For example, a junior high school history teacher from Beijing was invited as a consultant for the project. In order to enhance immersive learning design, the course redesign was completed by two groups of student-researchers simultaneously. One group redesigned three separate lessons on three different topics, and the other group focused on one of the topics, explored it in depth, and then came up with three more lessons with careful consideration of details and connotations.
Evaluation Framework
The research study aimed to develop an intuitive framework to evaluate virtual reality (VR) digital technology solutions. This framework was developped using qualitative research methodologies (focus groups, interviews, etc.). Examples of criteria included in this framework are: 
Additionally, the successful integration of VR contents into the course design in Learning Mall (Moodle) is evaluated at three different levels of instructional design components, namely: learning environment, learning process and performance tasks, as detailed below:
Research Methodology
Researchers were divided into four teams, each team working on a different VR technology solution: H5P(Team1), Nibiru (Team2), Matterport (Team3) and Uptale (Team4).) and course templates with different immersive learning strategies. Each team followed the usual steps to create an immersive learning experience, which are outlined below:
Different types of VR digital contents and modes of integration into the course in the LMS can be categorized according to their nature, degree of integration in the Learning Management System as well as frequency of use by learners (asynchronous, permanent, synchronous or asynchronous, sequential according to timeline or synchronous/real-time), at three levels of the course design: Learning Environment, Learning Process and Performance Tasks. This may include:
Research Plan
Researchers in each team were assigned roles to complete the different tasks of integrating VR contents into the course design. Instructional designers' roles were in charge of creating and integrating VR contents into the course of LMS. Digital content designers roles were responsible for creating video contents and exporting contents into the VR platform. Researchers' roles were to prepare for the team to report to evaluate VR solutions in relation to immersive learning and participate in focus groups and interviews with researchers from other teams. To facilitate effective collaboration between student-researchers and efficient progress, the research plan scheduled several crucial activities throughout the 5-week project in terms of weekly project team meetings, brainstorming sessions, field camps, and panel review sessions with external peer reviewers. Each project team presented its prototype of LMS-VR integrated immersive learning experience to a panel of internal and external reviewers to get feedback for further improvements.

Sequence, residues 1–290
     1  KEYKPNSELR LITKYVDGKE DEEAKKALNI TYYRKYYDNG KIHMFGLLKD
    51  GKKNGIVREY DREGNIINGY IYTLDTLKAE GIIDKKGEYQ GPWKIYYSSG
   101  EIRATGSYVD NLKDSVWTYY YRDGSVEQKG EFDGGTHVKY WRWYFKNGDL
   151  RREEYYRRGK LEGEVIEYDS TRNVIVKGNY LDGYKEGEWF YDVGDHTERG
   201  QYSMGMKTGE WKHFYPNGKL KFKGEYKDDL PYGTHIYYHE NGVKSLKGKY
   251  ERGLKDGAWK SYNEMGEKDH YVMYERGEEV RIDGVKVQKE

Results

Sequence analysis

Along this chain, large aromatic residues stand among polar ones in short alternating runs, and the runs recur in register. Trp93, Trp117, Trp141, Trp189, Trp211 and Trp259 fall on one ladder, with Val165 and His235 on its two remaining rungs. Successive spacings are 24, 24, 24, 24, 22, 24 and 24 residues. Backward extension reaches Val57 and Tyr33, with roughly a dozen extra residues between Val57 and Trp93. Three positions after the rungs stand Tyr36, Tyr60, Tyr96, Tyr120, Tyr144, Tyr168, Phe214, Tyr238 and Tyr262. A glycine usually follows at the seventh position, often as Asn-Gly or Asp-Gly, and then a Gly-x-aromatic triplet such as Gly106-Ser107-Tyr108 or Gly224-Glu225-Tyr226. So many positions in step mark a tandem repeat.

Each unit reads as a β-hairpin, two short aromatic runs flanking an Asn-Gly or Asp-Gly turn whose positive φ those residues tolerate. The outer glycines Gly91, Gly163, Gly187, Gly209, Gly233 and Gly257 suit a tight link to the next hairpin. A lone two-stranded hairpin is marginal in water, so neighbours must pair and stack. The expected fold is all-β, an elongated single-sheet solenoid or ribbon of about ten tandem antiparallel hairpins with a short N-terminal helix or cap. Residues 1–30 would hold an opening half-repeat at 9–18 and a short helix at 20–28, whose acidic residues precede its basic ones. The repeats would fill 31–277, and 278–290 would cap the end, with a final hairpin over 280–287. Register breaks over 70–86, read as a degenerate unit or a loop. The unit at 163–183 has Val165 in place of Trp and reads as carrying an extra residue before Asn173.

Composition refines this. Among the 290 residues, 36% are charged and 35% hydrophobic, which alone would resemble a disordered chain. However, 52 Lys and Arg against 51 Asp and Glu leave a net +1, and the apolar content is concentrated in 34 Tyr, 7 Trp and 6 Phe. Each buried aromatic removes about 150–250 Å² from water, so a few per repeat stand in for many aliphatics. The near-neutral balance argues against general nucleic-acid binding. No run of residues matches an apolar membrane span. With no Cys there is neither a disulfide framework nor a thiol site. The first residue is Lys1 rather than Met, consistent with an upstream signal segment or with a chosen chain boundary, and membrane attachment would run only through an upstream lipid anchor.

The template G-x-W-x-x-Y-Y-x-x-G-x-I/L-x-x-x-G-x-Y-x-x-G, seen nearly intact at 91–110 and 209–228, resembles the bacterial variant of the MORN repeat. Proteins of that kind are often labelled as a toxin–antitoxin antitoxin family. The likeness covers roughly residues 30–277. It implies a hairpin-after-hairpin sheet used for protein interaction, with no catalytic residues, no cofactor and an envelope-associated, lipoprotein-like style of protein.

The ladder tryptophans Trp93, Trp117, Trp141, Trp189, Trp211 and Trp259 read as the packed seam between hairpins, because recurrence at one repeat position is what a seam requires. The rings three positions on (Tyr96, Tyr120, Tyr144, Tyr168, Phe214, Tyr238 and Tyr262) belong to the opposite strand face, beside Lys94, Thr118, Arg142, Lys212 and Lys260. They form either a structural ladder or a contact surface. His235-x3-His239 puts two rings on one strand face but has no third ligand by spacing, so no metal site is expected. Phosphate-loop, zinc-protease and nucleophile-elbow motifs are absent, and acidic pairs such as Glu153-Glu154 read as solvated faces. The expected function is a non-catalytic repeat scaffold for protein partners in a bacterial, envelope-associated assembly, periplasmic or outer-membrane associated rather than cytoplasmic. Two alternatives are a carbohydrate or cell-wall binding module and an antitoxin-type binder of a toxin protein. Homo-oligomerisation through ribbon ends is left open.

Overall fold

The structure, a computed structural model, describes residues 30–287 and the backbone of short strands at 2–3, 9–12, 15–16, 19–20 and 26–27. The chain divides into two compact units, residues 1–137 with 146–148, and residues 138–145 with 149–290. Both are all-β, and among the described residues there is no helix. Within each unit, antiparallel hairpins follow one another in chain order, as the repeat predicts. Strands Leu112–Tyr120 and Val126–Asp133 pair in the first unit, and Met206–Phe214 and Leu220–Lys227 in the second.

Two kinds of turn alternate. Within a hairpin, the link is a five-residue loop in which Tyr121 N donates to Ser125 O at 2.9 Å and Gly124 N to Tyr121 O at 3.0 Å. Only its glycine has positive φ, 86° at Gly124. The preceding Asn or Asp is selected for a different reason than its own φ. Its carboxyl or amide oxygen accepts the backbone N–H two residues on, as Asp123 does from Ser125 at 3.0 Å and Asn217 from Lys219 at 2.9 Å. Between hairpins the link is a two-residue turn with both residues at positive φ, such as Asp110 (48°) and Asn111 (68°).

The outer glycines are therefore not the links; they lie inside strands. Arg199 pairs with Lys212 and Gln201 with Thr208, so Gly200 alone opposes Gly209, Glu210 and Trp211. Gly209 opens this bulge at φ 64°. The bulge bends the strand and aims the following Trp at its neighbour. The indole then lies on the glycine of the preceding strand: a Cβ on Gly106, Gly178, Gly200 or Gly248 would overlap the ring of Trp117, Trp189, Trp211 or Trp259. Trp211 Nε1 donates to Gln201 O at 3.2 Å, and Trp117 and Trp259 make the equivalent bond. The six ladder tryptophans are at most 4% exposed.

Weekly meetings are intended to prepare for discussion on how to match the digital contents available with the existing course design and develop suggestions for changes to the course design or creation of new digital contents (including 360-degree videos, 360-degree pictures, 2D videos, 2D pictures, 2D slides as well as audio and other 3D objects) with other members of your team. Student-researchers were required to work collaboratively using a storyboard in Canva.
One student researcher was assigned to coordinate and facilitate various tasks that were pertinent to the advancement of the research project on campus: organizing and scheduling the field camps, coordinating the logistics including the budget, time, and location, and participating in the production of video content by introducing the team to the VR software and instructional videos and sharing insightful observations and feedback.
Immersive learning plays an increasingly important role in supporting innovative pedagogical methods and new philosophies of Learning and Teaching, like Syntegrative Education, in Higher Education Institutions. Integration of VR digital contents into an existing course design on Moodle provides a valuable alternative to existing immersive tools like Virtual Worlds. They allow a more progressive approach to immersive instructional design; in addition this approach can also greatly benefit from the latest technological developments in interfacing Moodle with VR platforms.
Our research studies could greatly contribute to developing a progressive approach to immersive instructional design and exploiting upcoming advances in VR technology with Moodle-VR integration.

Dr Jean-Yves Le Corre, Educational Development Unit, Academy of Future Education, XJTLU

Shaozhe Xu, Department of Computer Sciences, XJTLU

Jiaxi Xie, Academy of Future Education, XJTLU

20 October 2023